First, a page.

Mount Maunganui Swell Statistics, January: All Swell – Any Wind
This image shows the combination of swells directed at Mount Maunganui through an average January, based on 2372 NWW3 model predictions since 2007 (values every 3 hours). The wave model does not forecast wind and surf right at the coast so we have chosen the best grid node based on what we know about Mount Maunganui. In the case of Mount Maunganui, the best grid node is 32 km away (20 miles).
The rose diagram shows the distribution of swell sizes and directions, while the graph at the bottom shows the same thing but lacks direction information. Five colours show increasing wave sizes. The smallest swells, less than 0.5m (1.5 feet), high are coloured blue. These occurred only 16% of the time. Green and yellow show increasing swell sizes and red shows biggest swells greater than >3m (>10ft). In both graphs, the area of any colour is proportional to how frequently that size swell was forecast.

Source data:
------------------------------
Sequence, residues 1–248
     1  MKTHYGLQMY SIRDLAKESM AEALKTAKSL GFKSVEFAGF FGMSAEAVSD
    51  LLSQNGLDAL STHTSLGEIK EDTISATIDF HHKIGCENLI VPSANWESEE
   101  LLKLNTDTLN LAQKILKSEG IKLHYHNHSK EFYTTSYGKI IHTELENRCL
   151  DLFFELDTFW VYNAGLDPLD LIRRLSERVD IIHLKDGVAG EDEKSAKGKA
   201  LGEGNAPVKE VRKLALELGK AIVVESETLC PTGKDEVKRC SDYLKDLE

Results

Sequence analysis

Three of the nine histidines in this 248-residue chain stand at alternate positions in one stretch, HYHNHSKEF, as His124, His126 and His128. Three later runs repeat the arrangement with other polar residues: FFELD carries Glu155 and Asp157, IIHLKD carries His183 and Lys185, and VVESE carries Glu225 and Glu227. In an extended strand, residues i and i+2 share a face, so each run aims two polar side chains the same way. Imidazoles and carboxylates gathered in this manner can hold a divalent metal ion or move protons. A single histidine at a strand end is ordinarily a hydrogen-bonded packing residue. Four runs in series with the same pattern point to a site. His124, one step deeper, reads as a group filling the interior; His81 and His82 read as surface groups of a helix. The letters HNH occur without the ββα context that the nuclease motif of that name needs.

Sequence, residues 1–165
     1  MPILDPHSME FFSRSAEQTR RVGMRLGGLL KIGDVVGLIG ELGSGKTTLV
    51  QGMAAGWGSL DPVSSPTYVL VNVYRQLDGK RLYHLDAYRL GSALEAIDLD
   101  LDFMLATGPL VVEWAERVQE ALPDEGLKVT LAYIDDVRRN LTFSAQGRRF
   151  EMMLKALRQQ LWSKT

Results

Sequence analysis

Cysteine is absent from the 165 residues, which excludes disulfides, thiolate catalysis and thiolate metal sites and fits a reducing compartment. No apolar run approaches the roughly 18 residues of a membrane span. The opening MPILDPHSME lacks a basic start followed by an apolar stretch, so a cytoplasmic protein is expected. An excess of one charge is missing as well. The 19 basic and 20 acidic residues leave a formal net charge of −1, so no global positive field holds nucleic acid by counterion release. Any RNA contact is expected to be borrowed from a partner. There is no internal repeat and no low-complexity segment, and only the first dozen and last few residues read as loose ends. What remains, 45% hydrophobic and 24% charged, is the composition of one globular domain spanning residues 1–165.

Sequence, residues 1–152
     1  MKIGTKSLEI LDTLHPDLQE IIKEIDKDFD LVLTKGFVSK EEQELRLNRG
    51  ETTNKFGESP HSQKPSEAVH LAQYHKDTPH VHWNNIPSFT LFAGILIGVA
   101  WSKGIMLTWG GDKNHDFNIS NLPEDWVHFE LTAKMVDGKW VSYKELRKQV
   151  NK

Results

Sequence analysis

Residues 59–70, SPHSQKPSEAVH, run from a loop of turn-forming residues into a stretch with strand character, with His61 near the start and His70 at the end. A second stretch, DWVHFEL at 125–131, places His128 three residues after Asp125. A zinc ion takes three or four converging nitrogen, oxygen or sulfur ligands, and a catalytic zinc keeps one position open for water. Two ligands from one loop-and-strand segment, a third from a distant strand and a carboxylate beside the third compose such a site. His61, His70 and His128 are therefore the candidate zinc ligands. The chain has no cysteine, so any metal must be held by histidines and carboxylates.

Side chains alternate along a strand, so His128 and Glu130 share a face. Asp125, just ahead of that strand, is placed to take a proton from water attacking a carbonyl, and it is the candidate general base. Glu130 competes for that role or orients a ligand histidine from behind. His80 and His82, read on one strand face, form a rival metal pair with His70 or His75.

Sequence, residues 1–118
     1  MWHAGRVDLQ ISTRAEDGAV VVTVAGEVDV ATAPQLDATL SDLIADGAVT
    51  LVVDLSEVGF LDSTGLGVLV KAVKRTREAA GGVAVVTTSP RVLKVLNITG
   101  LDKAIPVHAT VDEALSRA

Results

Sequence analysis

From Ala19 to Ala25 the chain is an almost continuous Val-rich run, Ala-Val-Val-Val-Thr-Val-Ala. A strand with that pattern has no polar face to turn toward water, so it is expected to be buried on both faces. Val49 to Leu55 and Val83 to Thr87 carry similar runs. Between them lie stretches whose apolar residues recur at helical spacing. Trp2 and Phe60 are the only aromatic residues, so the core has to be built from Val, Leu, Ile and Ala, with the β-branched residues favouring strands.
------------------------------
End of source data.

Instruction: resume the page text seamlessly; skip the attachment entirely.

The diagram suggests that the prevailing swell direction, shown by the longest spokes, was NE, whereas the the prevailing wind blows from the NNW. Because the wave model grid is offshore, sometimes a strong offshore wind blows largest waves away from Mount Maunganui and away from the coast. We combine these with the no surf category of the bar chart. To avoid confusion we don't show these in the rose plot. Because wind determines whether or not waves are good for surfing at Mount Maunganui, you can load a different image that shows only the swells that were forecast to coincide with glassy or offshore wind conditions. In a typical January, swells large enough to cause clean enough to surf waves at Mount Maunganui run for about 26% of the time.
IMPORTANT: Beta version feature! Swell heights are open water values from NWW3. There is no attempt to model near-shore effects. Coastal wave heights will generally be less, especially if the break does not have unobstructed exposure to the open ocean.